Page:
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Several consumers have filed complaints alleging that various types of electric blankets have malfunctioned and caused severe burn injuries and in some cases, large fires.
In this interview, George McLaughlin explains what's happening with the claims regarding electric blanket burns and fires. He also explains what you should do if you've been injured by a defective product.
Contact him directly at 888-366-0579, or fill out the contact form on the side of the page to learn more.
There are two central problems with the electric blankets. In some circumstances, the blanket can catch on fire. Other reports suggests that people are going to sleep with the electric blanket on and wake up with 1st or 2nd degree burn injuries.
The fires occur because the heating element is overheating. This can happen in two different ways depending on the type of blanket.
In certain older models, a series of thermostats are supposed to turn the blanket off if the temperature gets too hot. However, if it is bunched up in a certain way, the thermometers malfunction and the temperature continues to rise.
The newer models use a heating method called a Positive Temperature Coefficient, or PCT. If the wires of this PCT fracture from use or age, it creates an electrical arc inside the heating element, which can ignite the flammable heating element material. From there it lights up like a firecracker.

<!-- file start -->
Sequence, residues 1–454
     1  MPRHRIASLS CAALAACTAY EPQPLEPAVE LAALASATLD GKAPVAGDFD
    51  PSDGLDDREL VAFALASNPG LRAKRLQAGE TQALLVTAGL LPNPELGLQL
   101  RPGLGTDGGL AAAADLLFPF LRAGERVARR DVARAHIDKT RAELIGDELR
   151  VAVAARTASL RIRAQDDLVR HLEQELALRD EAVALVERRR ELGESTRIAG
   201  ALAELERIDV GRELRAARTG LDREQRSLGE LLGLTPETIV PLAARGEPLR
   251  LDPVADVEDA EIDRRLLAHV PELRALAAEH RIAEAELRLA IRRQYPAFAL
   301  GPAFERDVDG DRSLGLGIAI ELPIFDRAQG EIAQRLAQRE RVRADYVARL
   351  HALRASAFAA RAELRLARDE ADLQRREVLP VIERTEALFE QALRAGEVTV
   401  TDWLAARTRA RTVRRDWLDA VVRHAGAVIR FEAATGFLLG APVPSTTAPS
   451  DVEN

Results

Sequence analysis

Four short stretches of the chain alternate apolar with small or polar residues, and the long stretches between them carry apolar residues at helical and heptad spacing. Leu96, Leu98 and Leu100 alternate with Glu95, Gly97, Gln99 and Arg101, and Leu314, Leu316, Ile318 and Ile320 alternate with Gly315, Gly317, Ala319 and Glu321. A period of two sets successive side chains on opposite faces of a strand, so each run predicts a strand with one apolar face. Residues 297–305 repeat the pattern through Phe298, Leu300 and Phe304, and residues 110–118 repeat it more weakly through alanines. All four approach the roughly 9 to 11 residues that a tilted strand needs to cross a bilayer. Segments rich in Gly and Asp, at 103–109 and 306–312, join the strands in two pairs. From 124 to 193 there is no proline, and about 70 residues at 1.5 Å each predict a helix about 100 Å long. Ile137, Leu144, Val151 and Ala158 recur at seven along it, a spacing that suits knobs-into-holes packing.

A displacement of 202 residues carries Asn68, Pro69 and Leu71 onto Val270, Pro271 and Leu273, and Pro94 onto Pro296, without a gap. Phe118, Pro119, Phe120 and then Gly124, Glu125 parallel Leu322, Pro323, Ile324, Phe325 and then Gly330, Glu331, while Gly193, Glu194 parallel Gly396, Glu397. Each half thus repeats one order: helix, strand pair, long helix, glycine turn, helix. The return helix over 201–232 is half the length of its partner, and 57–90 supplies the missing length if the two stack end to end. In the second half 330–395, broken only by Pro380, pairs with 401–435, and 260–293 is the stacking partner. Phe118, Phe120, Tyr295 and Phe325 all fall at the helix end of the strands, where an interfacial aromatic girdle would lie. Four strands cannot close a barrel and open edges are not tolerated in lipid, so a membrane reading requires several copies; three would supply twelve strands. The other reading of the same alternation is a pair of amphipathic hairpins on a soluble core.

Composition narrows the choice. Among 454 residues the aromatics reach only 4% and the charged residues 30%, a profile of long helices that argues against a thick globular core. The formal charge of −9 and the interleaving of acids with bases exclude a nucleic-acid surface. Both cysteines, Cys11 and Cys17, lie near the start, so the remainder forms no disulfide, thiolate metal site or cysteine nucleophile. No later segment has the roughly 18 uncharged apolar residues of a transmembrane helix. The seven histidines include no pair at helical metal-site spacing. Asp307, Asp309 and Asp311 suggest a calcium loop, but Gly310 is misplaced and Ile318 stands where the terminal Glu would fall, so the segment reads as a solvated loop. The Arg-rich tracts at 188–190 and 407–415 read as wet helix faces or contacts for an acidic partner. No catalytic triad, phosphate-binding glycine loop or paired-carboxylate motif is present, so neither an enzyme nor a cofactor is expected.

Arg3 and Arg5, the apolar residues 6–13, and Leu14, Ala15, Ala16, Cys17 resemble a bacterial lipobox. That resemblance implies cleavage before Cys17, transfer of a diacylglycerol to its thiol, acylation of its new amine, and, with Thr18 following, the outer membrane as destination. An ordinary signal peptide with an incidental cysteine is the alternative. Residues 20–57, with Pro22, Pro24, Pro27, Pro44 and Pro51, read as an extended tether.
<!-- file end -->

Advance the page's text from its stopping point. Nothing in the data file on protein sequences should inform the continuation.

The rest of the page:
Another problem involves the electric blanket control component itself catching fire. Attorney McLaughlin handled one case where a woman's security camera recorded the control catching on fire while she was out of the house.
Older electric blankets certainly have a risk of becoming too hot. If you have an older thermostat style blanket that's more than 10 years old, it should be replaced.
One particular newer model of electric blanket from Sunbeam has been linked to burn and fire problems. It had a safety circuit intended to detect any broken wires that could lead to fires. However, the safety circuit does not work as well as intended.
Sunbeam introduced a new version of the safety circuit in 2001 that greatly reduced the risk of a fire, but they still occasionally occur. If you have one with an outdated safety circuit, that should be replaced as well.
McLaughlin says that in recent years he's seen an increase of people who fall asleep and wake up with electric blanket burn injuries. He says that in these cases its very clear to see a line mark left by the heating element on their skin.
This could be due to changes in manufacturing. Sunbeam used to use American manufacturing plants, and in recent years, they've been manufacturing blankets in China. This chance could be the reason for an increase in electric blanket fires.
If you've been hurt by an electric blanket, the first thing you should do is stop using it. Also, hold on to it so it can be used as evidence. Seek treatment, and follow your doctor's advice. Take photos of your injury, and preserve any video evidence you might have as well. Finally, talk to a lawyer who has experience handling defective product claims.
Disclaimer: This video is for informational purposes only. In some states, this video may be deemed Attorney Advertising. The choice of lawyer is an important decision that should not be based solely on advertisements.
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